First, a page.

Last night, after a few minutes into “The Destiny of Lesser Animals”, a movie showing at the always bountiful New Directors/New Films Festival at Lincoln Center on Friday and Saturday night, I had a sense of déjà vu. This movie, written by and starring a Ghanaian and directed by an American, tells the story of a cop named Boniface Koomsin (Yao B. Nunoo, the screenwriter) whose false passport is stolen by a motorcyclist in the opening moments of the film. Needing access to the police department’s database in order to find out the identity of the thief whose license number he wrote down, he claims that his gun has been stolen—something that routinely gets high priority in the Ghana police department and those everywhere else in the world.
That rang a bell. Wasn’t that the plot of Kurosawa’s “Stray Dog“ with a very young Toshiro Mifune playing a cop whose revolver had been stolen? I was also struck by the director’s obviously affectionate view of the Accra bazaar with its street vendors hawking their wares: “I have your Adidas here!” There is a scene like this in “Stray Dog” that gives the audience a bird’s eye view of a shabby but vibrant Japan in the immediate postwar period, a society that faced the same kinds of ills that post-colonial societies in Africa are now facing.
My suspicions were confirmed after doing some research on the net after this fascinating film ended. The press notes state:
[Director Deron] Albright and Nunoo first met in late 2004, when Albright was casting his short, “The Legend of Black Tom.” The two found themselves enjoying their work together enough to begin looking for opportunities to collaborate in the future. Two years later, Nunoo was developing a ‘policier’ script set in Philadelphia. But when Albright returned from screening “Black Tom” at FESPACO, and pitched to Nunoo the idea of shooting in West Africa, the script and the project sprang to life. Soon after, the two formed Bright Noon Pictures, and set forth to realize their dream of making the film in Ghana. But not just any film. First, it had to be a film for people who loved films. Nunoo’s inspiration for the script was Kurosawa’s Stray Dog (Nora inu), and for Albright, the vision was to wrap the genre pleasures of the policier with the humanity of Neorealism and the best of the West African cinematic tradition.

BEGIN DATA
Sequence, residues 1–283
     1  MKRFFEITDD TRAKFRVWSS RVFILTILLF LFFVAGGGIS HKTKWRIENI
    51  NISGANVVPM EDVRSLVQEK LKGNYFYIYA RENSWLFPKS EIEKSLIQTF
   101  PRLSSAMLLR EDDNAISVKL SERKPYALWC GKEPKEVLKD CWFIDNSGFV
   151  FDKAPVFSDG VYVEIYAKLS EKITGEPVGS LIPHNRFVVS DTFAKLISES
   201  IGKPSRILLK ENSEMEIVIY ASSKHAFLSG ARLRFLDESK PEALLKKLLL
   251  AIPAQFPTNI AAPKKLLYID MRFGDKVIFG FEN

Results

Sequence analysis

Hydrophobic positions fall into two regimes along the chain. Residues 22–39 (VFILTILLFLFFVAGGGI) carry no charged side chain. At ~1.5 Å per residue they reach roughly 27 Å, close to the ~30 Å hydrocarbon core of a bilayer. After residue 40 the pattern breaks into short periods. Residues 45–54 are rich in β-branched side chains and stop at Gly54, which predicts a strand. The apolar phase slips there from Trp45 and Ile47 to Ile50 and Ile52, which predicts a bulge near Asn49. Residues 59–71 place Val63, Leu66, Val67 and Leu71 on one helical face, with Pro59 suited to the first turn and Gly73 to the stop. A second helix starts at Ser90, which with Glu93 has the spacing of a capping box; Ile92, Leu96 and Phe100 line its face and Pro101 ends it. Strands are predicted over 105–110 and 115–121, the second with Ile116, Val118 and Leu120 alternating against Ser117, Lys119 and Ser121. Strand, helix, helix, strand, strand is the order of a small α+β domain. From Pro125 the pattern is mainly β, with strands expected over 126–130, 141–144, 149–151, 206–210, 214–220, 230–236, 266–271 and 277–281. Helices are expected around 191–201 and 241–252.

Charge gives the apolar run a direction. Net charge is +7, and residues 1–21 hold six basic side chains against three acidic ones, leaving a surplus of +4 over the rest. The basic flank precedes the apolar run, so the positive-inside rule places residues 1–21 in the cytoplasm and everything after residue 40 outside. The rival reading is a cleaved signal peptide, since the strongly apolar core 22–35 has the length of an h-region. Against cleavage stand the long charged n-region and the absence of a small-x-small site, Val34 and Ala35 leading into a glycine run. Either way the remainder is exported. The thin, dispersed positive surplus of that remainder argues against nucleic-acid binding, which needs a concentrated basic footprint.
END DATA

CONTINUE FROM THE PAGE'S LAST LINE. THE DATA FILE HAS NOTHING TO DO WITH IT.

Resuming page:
Well, “a film for people who love films” certainly describes me.
Even more so than Kurosawa’s classic, “The Destiny of Lesser Animals” delves into the motivations of its main character. The cop in “Stray Dog” is pent-up, visceral, and impulsive—just the sort of character that Toshiro Mifune was born to play. By contrast, Boniface Koomsin is reflective to the point of indecision, trying to decide in Hamlet fashion whether to be or not to be—a Ghanaian. The whole point of the fake passport was to get him to America, where he dreams of “making it” in a country that is not burdened by petty crime, corruption, greed, and all the other problems that drive people into emigration, legal or illegal.
This leads to some poignant scenes involving Boniface and a more experienced and senior cop named Oscar Darko (Fred Amugi) who becomes a father figure to him, mirroring the relationship between Mifune and Sato (Takashi Shimura), the senior detective who counsels him.
Their discussions revolve around Boniface’s desire to emigrate, an act that Oscar considers disloyal to the country. Oscar remains committed to Nkrumah’s vision of the country even though corruption and poor governance have taken their toll.
“The Destiny of Lesser Animals” succeeds much more as a human drama rather than an action-driven policier. One hopes that after the two-night run at Lincoln Center, it will receive a wider distribution. With the death of Ousmane Sembene, Africa has been deprived of one of its leading cinematic geniuses. The team that made “The Destiny of Lesser Animals” is made up of younger talents who show great promise. Their efforts should be rewarded by acceptance among the people described in the film notes as those “who love film”.
When I learned that Kelly Reichardt had made a Western about a wagon train in Oregon in 1845 relying on the help of an Indian, I had high expectations. Her earlier films, also set in Oregon, were penetrating character studies about contemporary life. “Old Joy” was about two men bonding in a hot tub in a forest retreat with homoerotic overtones, but more generally about the regrets of unfulfilled dreams. “Wendy and Lucy“ was about the struggle of a homeless woman to keep hold of the thing that she loved above all, her pet dog.